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Daisies

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“Hey Louie, it’s Shannon. I know you wanted tulips, but I got the paper out a minute ago and there’s a discount on daisies, if you don’t mind it. I think they’d look alright next to the pond once it’s finished -- I’ve got another call coming in, so call me when you get this.”

The next call didn’t maintain the same casual atmosphere. “She’s suffered severe head trauma, and we don’t know that she’ll make it through the night.” This was the news received upon my arrival at the hospital. The doctor sent an apologetic look my way before disappearing down the long, stark hallway. Louisa sat to the right of the bed, and I to the left. Her face was buried in her hands, and her shoulders tremble furiously, in a pathetic attempt to conceal her sobs. I held my mother's delicate hand, as if to keep her from leaving. The veins on her wrist were protruding from age, and I felt for a pulse -- anything to assure me that the body in the hospital bed was still living. My mother squeezed my hand gently. It was the only movement she’d made. With this gesture of goodbye, the rhythmic beeps of her heartbeat on the monitor slurred together into one discordant note. The doctor gave his condolences, and attempted to hand us funeral papers. We blubbered something about owning a funeral home, in hopes that our words were even remotely coherent. They’d be delivering the body later that same day. After our signatures had been penned onto a couple of papers, we were permitted to leave. I drove, seeing as Louisa’s driving had been the reason for the hospital visit.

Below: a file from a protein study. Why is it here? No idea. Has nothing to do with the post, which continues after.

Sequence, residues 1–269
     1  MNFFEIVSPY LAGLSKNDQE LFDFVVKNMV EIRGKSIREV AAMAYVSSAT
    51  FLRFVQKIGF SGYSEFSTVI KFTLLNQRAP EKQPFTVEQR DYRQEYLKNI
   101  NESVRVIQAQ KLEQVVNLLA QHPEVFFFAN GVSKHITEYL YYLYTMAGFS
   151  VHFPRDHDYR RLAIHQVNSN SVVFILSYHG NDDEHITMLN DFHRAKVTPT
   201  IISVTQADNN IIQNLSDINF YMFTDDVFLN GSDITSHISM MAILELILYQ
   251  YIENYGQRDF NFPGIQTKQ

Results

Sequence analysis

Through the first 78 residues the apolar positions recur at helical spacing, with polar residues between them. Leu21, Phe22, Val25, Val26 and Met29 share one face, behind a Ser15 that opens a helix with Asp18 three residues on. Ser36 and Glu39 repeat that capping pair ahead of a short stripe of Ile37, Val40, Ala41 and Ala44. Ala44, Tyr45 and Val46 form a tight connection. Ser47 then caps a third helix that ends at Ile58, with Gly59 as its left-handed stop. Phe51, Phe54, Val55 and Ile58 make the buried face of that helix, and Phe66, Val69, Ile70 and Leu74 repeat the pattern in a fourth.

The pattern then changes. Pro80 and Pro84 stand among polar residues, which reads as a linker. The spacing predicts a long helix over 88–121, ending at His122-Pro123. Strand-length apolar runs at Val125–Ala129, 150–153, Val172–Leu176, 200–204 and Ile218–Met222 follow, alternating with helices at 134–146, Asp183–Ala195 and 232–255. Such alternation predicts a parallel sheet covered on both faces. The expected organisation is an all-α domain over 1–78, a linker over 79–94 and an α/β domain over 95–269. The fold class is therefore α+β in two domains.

The car glided neatly into the garage. As I trudged into the house, it felt as if each of my limbs weighed a thousand pounds. Louisa staggered to the nearest chair, only to hold a terrifying presence. After an hour of silent mourning had passed, distraction was a necessity. Mindlessly I walked out back to work on the pond again. After seeking out my shovel, with the red grip handle, I began to deepen the pond with determination to forget the hospital. Louisa wandered towards the garden in a daze, and joined me in the already vast pit. It was too easy. My shovel drove the dirt out, swinging up and down, only inches from her skull. Yes, the daisies would be fitting. Thought played no part in my actions, as my shovel impulsively struck my sister once in the head, and again wherever it fell for each flog.


That evening, the hearse pulled up to our quiet house, delivering my mother. I opened her casket curiously. "Mother, why don’t you come to see our pond?” I suggest, pulling her into an office chair. “It's all dug out, and just needs to be filled. I think it'll be quite nice once we add some flowers." I wheel her out back, over the jagged ground, to give her a good view of the pond. I could tell she liked the backyard, so I left her to sit with Louisa awhile. I needed to make a call. When it's for a funeral home, no one asks too many questions, and it isn't difficult to obtain anything plausibly related to death.


The following morning was cloudy, as my shipment was promptly brought to our door. I lugged it through the gate, and towards the pond. Eager to fill it, but remembering to remove my shovel, the liquid rose quickly and the pungent fragrance intertwined with the clean air. "Louisa, I hope you don't mind, but I bought the daisies instead." Louisa stared blankly at me through the formaldehyde surface, and observed with my mother as I began planting. "No, I didn't think you'd mind."





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